The appellees argue that Ms. Chevaldina’s blog posts constituted “cyberstalking” and therefore provided “incidents of violence,” i.e., stalking, as to justify an injunction pursuant to section 784.046. However, the appellees failed to introduce evidence that specific blog posts were being used “to communicate, or to cause to be communicated, words, images, or language . . . directed at a specific person, causing substantial emotional distress to that person and serving no legitimate purpose.”

This part of the ruling is important because overbroad notions of "cyberstalking" and "cyberbullying" are now a primary front in the war between free speech and censorship; it's common for censors to argue that unwelcome online speech about someone should be treated like repeated unwelcome communications to the person.

Finally, the Florida court ended with a helpful flourish, putting blogging into the the context of classic rhetorical tropes of free speech analysis:

Angry social media postings are now common. Jilted lovers, jilted tenants, and attention-seeking bloggers spew their anger into fiber-optic cables and cyberspace. But analytically, and legally, these rants are essentially the electronic successors of the pre-blog, solo complainant holding a poster on a public sidewalk in front of an auto dealer that proclaimed, “DON’T BUY HERE! ONLY LEMONS FROM THESE CROOKS!” Existing and prospective customers of the auto dealership considering such a poster made up their minds based on their own experience and research. If and when a hypothetical complainant with the poster walked into the showroom and harangued individual customers, or threatened violence, however, the previously-protected opinion crossed the border into the land of trespass, business interference, and amenability to tailored injunctive relief. The same well-developed body of law allows the complaining blogger to complain, with liability for money damages for defamation if the complaints are untruthful and satisfy the elements of that cause of action. Injunctive relief to prohibit such complaints is another matter altogether.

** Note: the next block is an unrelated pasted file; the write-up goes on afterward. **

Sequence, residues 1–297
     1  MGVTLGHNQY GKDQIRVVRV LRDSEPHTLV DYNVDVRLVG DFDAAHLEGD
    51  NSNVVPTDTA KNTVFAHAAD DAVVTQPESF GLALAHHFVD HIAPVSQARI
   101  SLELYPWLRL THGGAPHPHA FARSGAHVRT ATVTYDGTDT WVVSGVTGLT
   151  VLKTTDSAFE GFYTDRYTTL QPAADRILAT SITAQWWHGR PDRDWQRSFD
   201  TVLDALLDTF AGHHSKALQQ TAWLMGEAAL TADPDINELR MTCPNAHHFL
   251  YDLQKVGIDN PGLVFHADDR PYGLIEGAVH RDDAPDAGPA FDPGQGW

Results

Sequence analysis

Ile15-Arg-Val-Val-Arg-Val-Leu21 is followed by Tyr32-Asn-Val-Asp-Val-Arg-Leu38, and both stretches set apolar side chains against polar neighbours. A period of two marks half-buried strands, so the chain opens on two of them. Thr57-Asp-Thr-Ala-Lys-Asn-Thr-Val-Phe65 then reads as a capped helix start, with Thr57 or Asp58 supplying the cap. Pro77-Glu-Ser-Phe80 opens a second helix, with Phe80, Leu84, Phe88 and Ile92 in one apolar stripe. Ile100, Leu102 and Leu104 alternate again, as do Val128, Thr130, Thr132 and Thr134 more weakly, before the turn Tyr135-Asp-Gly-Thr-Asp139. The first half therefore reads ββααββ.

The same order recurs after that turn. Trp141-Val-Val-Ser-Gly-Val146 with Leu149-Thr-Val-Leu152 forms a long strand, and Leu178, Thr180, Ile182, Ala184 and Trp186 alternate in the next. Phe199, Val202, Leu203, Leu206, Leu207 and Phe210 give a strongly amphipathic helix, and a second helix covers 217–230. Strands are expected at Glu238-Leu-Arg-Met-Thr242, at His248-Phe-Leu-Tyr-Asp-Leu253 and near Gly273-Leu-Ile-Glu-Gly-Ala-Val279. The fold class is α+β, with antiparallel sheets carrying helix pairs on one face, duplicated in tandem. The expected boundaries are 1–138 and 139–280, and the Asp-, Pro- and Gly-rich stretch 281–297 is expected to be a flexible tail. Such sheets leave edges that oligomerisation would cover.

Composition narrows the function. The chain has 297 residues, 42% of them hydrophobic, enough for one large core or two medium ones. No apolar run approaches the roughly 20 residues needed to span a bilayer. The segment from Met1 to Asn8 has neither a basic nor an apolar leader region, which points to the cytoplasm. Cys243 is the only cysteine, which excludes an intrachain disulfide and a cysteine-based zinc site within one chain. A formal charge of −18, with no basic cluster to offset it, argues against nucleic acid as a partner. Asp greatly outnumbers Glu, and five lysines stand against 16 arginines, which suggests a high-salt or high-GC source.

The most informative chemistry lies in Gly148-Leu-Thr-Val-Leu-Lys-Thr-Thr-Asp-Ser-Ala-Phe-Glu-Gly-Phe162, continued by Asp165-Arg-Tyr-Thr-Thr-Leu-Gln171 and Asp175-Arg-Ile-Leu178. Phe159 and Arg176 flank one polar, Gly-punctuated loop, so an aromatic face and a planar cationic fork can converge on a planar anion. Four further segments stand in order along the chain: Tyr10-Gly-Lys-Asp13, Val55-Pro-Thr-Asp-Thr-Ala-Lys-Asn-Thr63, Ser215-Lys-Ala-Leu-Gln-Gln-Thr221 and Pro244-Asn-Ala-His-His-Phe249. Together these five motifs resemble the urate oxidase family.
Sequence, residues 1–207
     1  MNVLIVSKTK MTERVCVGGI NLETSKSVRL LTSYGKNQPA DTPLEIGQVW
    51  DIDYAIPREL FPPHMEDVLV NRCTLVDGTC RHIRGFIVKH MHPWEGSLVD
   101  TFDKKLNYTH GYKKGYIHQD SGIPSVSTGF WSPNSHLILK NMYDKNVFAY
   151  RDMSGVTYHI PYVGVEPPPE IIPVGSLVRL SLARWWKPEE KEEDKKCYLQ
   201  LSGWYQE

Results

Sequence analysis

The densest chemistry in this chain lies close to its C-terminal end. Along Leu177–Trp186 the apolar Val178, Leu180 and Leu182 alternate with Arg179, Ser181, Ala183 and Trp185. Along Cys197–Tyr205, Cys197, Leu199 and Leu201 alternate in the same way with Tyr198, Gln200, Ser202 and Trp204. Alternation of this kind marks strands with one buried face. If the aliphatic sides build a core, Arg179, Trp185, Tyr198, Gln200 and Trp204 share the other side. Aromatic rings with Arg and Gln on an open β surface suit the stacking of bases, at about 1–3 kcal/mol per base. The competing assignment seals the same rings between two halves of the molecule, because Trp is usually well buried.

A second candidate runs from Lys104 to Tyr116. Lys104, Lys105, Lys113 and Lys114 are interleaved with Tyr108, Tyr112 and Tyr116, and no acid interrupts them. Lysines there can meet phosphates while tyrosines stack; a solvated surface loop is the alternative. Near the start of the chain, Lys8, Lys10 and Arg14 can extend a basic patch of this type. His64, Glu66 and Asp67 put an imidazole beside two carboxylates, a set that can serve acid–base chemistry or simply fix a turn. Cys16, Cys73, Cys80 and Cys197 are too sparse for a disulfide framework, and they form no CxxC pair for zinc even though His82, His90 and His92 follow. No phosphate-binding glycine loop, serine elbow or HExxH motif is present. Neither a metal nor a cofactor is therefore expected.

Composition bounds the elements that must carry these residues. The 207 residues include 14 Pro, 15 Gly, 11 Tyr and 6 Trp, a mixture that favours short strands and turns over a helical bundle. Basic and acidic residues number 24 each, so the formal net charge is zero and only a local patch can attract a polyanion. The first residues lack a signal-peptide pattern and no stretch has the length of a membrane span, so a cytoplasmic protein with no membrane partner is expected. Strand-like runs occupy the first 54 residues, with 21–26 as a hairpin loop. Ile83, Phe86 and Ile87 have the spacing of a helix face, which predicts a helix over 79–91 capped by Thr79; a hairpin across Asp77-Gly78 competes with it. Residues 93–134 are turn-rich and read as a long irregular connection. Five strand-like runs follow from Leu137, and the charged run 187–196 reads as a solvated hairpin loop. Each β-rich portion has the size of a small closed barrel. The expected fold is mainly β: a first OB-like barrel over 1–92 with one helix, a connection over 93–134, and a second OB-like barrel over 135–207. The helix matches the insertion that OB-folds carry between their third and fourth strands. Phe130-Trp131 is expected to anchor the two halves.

This is exactly right. Censors attempt to treat blogging as something substantively different that takes it outside classic free speech protections, but there is nothing new under the sun, and blogging gets the same protection as other speech.

This is a huge and embarrassing defeat for the thin-skinned and entitled Raanan Katz and his aggressively censorious lawyers, and a huge victory for Marc, Jeffrey, Darren, Robert, and free speech. Well done. DON'T SUE ME RAANAN.

"The Takedown Lawyer": Let's Help Marc Randazza Investigate A Scammer, Shall We?

I've been out of sorts of late, riven with the suburban fin de siècle, plagued with ennui, angst, weltschmertz. You know — moping.

There's only so many free speech cases I can write about in a week. Nobody pony-worthy is writing to me. I'm waiting for a couple of shoes to drop on the UST Development fraud investigation.

If only there were a nice juicy scam out there to chase . . .

Marc Randazza to the rescue!

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Marc Randazza, Whose Side Are You On?

In the great Man-Ape war, Marc Randazza was once once of humanity's most trusted leaders. Hell, like I said before, he declared the War on Apes.

So why is he now fighting for the intellectual property rights of the ape-kin, rights that will only be used to weaken humanity's will with the apes' seductive wildlife photography and reality television programming? Has he faltered? Has he weakened? Has he changed sides and betrayed us? Or, giddy with victories over copyright trolls and dog-shooting SLAPP-suiters, does he imagine that he has transcended right and wrong, friend and foe, Man and Ape?

Don't forget where you came from, Marc Randazza. Those apes may groom you, they may pound their chests and roar in a manner that appeals to your litigation style, and they may even display a better grasp of the First Amendment than the average state legislator. But always remember that you are not one of them. You're one of us, God help you.

Marc Randazza, My Weird, Scary Hero

We'd have covered the lawsuit filed by University of Miami law professor Donald Jones against the legal gossip site Above the Law yesterday, except that we were busy.  And everyone else got to it first.

Suffice it to say that the lawsuit was ridiculous.  It betrayed fundamental misunderstandings of law, and the nature of the internet on the part of its author. The best blogposts on the matter were written by Ben Sheffner, analyzing the demerits of the suit, and Eric Turkewitz, who played against type and provided wise, conciliatory counsel to the plaintiff, the sort of advice one might expect from, oh I dunno, a law professor.

(And by, "against type" I don't mean Turkewitz isn't wise.  I mean that his conciliatory advice doesn't play into the stereotype of a plaintiff's personal injury attorney, but I digress…)

The suit was dismissed, voluntarily and without prejudice, one day after news of it broke on the web.  We're pleased to note that Above the Law was represented by longtime Popehat friend Marc Randazza, who blogs on the First Amendment among other things at the Legal Satyricon.  Randazza got the case dismissed with one letter.